Program Structure - Composition of Objects (in a Neural Network)

*Disclaimer: This question involves inquiry about the program structure of an artificial neural network (ANN) but can be applied to many different projects as well.

While creating my own, simple ANN on an Arduino Uno I have become perplexed with how to structure my program. I want to uses classes and follow rules of encapsulation and composition.

Basically I want to created a "NeuralNetwork" object. This object will be comprised of multiple "Layer" objects. Each layer object will consist of multiple "Node" objects. Each node object will need to receive inputs and then create/modify an output. The amount of layers and nodes per each layer is defined by the user and known at compile time. --- I have made it to this point, it wasn't too difficult.

The challenge comes in when deciding how to structure the "feedForward" function. The nodes in a layer will need to be able to receive the output values of every node in the previous layer. I have tried to use pointers (aka: a pointer to an array of pointers) which has became very messy and breaks the rules of encapsulation (because node objects would have direct access to the output values of the nodes in the previous layer).

My best idea to structure this would be:
The user calls "myNeuralNetwork.feedForward(inputData...)" from the main sketch.
feedForward() begins running in the NeuralNetwork object.
The first hidden layer uses the inputs passed to the function as its inputs.
The next layer then must use the outputs generated from the nodes of the first layer as its inputs.
This could be done by calling "previousLayer.getOutputs()". Then the previous layer would call "getOutputs()" for each of its nodes.
**Now here is my real problem: How do I pass the values of these outputs back out into the feedForward() function and then down into the next layer to use as inputs? Do I create an array of the outputs in the previous layer and then somehow pass that to the next layer which will pass those values to its nodes.

  • I don't want to pass direct references to the outputs of the previous layer.
  • If an array is created to house the output values of the previous layer, obviously it can not go out of scope before it is used by the current layer.
  • I definitely do NOT want to use global variables. That would break encapsulation.

Whoo! That was a long post but I just wanted to get out all the information.
Yes this project could be accomplished faster and easier if I didn't make it sooo object oriented and if I didn't follow rules of encapsulation but I want to learn the best (*better, because there is no best) way to do it.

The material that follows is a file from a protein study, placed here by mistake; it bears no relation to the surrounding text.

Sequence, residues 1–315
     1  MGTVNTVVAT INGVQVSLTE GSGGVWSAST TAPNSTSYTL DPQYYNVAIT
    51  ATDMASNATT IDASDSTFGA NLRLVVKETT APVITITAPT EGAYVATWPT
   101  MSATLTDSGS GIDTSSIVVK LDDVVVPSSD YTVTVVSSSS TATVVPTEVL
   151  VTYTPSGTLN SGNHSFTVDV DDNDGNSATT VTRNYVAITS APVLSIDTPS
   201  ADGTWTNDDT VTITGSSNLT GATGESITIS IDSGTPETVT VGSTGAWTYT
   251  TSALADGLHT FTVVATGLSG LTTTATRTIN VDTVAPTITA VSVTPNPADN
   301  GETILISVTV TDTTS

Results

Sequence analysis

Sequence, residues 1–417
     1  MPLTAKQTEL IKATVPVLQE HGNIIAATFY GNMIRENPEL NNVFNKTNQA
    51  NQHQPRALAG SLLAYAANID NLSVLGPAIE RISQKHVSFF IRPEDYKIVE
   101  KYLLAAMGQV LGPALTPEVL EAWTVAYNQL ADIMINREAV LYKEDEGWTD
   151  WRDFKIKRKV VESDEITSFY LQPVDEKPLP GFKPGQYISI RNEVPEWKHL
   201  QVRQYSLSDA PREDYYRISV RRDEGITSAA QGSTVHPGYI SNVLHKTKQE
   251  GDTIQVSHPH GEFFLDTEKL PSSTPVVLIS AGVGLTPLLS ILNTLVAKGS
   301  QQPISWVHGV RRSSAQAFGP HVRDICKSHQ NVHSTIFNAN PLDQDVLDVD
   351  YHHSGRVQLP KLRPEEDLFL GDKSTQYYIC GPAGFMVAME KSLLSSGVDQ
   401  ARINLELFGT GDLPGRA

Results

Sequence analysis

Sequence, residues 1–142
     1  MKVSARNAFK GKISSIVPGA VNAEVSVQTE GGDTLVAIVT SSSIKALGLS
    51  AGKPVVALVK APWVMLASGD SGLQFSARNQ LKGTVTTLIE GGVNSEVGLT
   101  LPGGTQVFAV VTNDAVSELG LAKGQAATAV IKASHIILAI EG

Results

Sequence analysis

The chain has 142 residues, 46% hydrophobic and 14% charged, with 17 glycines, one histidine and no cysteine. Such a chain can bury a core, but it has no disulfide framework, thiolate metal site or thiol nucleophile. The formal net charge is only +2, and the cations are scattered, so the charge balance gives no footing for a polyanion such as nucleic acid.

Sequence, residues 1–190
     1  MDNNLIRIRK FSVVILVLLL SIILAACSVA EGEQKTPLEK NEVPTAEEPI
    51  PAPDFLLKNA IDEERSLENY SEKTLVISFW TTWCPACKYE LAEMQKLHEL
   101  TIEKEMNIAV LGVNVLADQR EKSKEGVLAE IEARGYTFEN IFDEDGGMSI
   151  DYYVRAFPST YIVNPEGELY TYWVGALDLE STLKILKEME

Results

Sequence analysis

So any help on how to structure all the objects and data in this project would be greatly appreciated!

Also, I would like to know how to use the user inputed values as inputs for the first hidden layer but from then on use the outputs from the previous layer as the inputs for the current layer. I think this would take two different functions. Do I add some sort of identifier to the Layer class and set it as true if it is the first hidden layer? Otherwise how would it know which function to use?

Make a Synapse object to connect neurons. Each has an Input neuron and and an Output neuron. When you need Outputs, ask each neuron in the Output layer for their value. Those neurons would get values from their Input neurons and multiply by the weight. The synapses would get the value from their input neurons (in the previous layer). Those neurons would get their input from the layer before that... all the way to the input layer.

The input layer would be a special kind of neurons you could set directly.

Structure for feedforward network should rather be simple:

Yes, an array of pointers to Layer objects is the most feasible. Since the next layer should be immediately following the current index. And the previous layer is before the current index.

The Layer class should have a method to compute the output and take in the input

class Layer {
public:
   GetInput(float *input, int inputLength);
   ComputeOutput(float *output, int outputLength);

};

Note: this approach requires dynamic allocate memory.